Congressional primary elections are pinpointed as one of the leading causes of polarization on Capitol Hill and as a focal point of member action. However, in analyzing the validity of that threat, since 1970 only 65% of re-election challenges have been competitive, with only 2.8% successful in unseating the incumbent. With such a slight rate of success, how has the threat of being primary-ed held such an influential effect on members' agendas and actions? And how could it be that the liberal and conservative activist primary challengers have had such a polarizing effect on Congress if they only rarely win?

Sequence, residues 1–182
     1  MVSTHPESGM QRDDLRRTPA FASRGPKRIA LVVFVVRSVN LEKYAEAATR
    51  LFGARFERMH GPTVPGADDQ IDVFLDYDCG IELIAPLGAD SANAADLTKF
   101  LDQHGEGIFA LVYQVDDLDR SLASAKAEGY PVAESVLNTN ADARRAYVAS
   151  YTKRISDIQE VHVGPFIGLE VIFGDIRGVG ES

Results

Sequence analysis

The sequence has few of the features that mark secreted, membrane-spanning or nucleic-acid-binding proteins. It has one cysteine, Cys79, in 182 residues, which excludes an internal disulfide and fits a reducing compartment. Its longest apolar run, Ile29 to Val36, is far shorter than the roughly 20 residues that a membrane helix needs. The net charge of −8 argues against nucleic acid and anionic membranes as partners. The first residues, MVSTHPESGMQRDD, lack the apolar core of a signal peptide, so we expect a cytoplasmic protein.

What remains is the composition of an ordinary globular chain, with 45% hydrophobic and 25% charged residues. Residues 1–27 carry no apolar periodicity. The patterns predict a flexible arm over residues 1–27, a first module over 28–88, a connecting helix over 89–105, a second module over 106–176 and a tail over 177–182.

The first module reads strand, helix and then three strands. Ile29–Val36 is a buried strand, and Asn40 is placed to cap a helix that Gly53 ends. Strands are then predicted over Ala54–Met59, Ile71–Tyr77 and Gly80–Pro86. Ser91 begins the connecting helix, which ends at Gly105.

In their newly released paper, Anticipating Trouble: Congressional Primaries and Incumbent Behavior, Brookings Senior Fellow of Governance Studies Elaine Kamarck and R Street Senior Governance Fellow James Wallner take on this conundrum to answer the question of how incumbents' behaviors change when considering the threat of a primary challenger and the longterm effects of this behavior.
James Wallner, R Street Institute
Elaine Kamarck, Brookings Institute